by Dany Peavey, Stevan Sliger, John Krystof, and Travis Dvorak
Architect: Herbst & Kuenzli
Alternative Name: Koenig Hall
Location: Houghton, MI
Contractor: Herman Gundlach
Addition in 1931: Derrick Hubert, architect; Archie Verville, contractor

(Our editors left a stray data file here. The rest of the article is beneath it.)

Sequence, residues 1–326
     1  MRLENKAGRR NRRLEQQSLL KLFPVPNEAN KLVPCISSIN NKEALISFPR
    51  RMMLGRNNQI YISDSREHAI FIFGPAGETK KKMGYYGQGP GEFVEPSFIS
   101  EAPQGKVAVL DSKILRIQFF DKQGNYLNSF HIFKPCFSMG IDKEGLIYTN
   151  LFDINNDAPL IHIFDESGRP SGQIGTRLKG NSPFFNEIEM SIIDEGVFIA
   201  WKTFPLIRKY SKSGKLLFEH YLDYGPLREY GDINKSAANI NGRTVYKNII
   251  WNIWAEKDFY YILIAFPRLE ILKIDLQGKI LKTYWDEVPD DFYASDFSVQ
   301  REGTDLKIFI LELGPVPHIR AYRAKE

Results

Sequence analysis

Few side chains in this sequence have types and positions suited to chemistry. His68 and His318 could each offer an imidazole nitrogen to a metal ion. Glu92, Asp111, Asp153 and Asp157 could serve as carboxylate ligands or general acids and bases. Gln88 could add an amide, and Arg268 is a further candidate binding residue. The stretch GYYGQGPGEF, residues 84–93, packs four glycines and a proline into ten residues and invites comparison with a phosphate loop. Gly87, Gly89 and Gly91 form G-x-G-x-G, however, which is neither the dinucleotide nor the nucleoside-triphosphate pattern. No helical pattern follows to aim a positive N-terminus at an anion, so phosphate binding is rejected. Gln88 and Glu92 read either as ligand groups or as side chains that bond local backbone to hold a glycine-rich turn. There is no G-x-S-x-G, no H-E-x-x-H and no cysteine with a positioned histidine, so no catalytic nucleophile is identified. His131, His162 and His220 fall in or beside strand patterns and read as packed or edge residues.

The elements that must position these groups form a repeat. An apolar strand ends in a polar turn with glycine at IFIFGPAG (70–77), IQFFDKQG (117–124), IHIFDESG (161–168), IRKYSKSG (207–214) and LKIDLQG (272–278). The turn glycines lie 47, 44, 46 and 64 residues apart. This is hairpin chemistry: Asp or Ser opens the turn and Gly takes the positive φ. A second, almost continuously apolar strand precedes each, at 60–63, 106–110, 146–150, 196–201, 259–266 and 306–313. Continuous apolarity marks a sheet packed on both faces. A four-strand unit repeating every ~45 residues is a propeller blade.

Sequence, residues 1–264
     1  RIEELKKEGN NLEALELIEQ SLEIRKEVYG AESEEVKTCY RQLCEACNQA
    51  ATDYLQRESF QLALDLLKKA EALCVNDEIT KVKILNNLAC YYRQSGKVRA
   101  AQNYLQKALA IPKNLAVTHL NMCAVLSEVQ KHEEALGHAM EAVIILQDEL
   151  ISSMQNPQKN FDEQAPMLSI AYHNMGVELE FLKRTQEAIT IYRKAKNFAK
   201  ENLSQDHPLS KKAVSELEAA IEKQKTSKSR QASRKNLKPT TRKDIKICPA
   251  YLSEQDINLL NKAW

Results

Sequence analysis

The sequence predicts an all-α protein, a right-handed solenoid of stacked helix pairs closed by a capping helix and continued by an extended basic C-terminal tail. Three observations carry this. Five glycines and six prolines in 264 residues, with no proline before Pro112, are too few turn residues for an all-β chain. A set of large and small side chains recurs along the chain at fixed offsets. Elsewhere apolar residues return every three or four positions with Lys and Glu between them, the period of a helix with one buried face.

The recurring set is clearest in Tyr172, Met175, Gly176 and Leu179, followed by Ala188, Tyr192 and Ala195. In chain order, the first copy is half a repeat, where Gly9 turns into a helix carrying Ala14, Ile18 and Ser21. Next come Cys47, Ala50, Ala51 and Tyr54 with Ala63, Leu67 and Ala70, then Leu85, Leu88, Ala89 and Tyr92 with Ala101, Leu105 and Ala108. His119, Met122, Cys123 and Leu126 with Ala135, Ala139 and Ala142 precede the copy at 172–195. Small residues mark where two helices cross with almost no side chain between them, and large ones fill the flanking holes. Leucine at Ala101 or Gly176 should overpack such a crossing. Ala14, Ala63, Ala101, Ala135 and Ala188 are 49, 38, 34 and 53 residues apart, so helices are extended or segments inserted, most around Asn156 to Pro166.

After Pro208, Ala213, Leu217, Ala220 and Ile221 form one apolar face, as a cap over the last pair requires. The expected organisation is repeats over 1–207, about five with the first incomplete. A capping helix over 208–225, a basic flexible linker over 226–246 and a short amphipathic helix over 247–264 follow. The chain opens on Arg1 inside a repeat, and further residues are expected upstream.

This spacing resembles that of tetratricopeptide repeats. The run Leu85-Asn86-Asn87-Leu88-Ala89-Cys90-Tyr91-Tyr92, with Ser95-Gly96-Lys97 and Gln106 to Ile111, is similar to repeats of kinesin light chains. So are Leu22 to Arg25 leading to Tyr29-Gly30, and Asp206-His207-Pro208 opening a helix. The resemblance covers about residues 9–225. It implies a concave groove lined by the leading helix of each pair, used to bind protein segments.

On March 4, 1920, a fire destroyed Koenig Hall, the chemistry building. A new building was needed quickly and inexpensively due to a large student body and a lack of many other buildings on campus. Plans were submitted by Herbst & Kuenzli of Milwaukee with assistance provided by D. Fred Charlton of Marquette. The structure would be placed on the old foundation of Koenig Hall because it was not severely damaged in the fire. The old foundation would also save money in construction; the probable cost of the building was $160,000. By December of 1920 walls were already completed on the new building. The main part was 114’ x 35’ with two wings, one of 53 ½’ x 35 ½’ and the other 16 ½’ x 35 ½’. The main chemistry lab was on the first floor and was larger than the old lab. The quantitative lab and qualitative lab retained their positions on the second floor. The new building also had two lecture rooms rather than one as in the first chemistry building. The new building was made of brick, reinforced concrete, and tile. There was also an extensive effort to create a sufficient air system which would remove harmful toxins from the building. The new building had a modillioned cornice and a flat roof.